Speaking of questions, I always try to word everything in a way that makes it ok if the person I’m asking doesn’t have an answer. Instead of “Why did you,” I use “Why do you think” to start questions. Using “Do you remember” also works well although I try not to use it too often. I don’t want my loved one to feel bad if she is constantly answering no.
Another way to keep the conversation going is to bring up a favorite memory you have of the past. You can bring up a couple key details and then pause to see if your loved one will fill in a few more.
My experience has been that those with dementia often have a few stories they like to retell or remember. I know that whenever we drive by a particular church, my aunt will tell me about the funeral with the ladies in red hats. When we go by the funeral home, I’ll hear about a conversation she had with the director.
Whenever possible, I don’t interrupt. Instead, I listen as though I’ve never heard the story before. If I absolutely can’t bear to hear it again, I might jump in with an “Oh, I think you may have mentioned this. Is this when…” and fill in the blank. But mostly, I simply listen. Letting them tell their favorite stories makes the conversation more enjoyable for both of us.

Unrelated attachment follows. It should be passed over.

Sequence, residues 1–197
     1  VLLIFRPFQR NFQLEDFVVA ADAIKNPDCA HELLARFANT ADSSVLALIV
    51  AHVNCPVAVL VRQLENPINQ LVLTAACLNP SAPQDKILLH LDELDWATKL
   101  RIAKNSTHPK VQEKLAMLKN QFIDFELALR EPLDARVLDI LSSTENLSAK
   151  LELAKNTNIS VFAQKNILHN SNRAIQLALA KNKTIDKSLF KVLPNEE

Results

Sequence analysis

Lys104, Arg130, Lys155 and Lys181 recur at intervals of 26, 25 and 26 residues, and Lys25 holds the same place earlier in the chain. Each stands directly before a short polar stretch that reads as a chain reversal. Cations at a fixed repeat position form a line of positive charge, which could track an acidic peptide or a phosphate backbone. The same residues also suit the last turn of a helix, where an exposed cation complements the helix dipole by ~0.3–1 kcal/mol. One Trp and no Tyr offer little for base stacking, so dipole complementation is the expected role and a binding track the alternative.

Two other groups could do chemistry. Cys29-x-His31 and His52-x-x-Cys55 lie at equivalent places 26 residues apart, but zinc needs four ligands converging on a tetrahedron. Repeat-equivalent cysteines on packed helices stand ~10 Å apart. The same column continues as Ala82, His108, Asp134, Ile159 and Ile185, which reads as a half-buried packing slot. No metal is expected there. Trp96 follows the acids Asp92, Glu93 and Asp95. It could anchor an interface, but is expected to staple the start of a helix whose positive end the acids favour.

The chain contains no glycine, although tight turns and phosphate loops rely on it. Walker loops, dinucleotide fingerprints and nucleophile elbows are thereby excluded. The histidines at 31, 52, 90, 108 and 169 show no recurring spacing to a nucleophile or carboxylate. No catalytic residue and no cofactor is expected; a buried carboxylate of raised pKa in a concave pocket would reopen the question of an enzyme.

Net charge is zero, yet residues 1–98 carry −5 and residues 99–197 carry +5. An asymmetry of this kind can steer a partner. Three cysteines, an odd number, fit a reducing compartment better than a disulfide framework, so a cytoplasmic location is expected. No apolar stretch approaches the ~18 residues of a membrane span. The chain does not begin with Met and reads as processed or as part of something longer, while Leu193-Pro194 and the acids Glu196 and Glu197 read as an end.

Another tactic to make these conversations more comfortable is to do something else at the same time you’re talking. Depending on their stage of memory loss, your loved one might enjoy working on a puzzle, playing cards or looking through photo albums.
At later stages, your loved one might be beyond the point of having conversations. In these cases, it may make more sense to watch a favorite TV show or listen to some quiet music together during your visits. Bringing a book or having another activity with you to do while sitting with your loved one is often appropriate.
The very best advice I can give for how to talk to someone with dementia is to be patient. Know that these conversations will not be like talking to your best friend or spouse. Don’t treat your loved one like a child but avoid bringing up complicated topics or asking pointed questions.
Above all, listen. Don’t feel the need to fill the space with your words. Let there be pauses and breaks in the conversation where your loved ones can collect their thoughts. When they make a mistake in the facts, don’t feel the need to correct them every time. Does it really make a difference if they say your sibling played basketball in middle school when it was actually you?
Don’t spend this precious time with your loved one trying to have conversations like you did in the past. Instead, go with an open mind and an open heart and meet them wherever they may be.
Do you have a loved one with dementia? How have you addressed challenges in communication? What advice would you give to your Sixty and Me sisters for talking to someone with dementia? Please share with the Sixty and Me community in the comments below.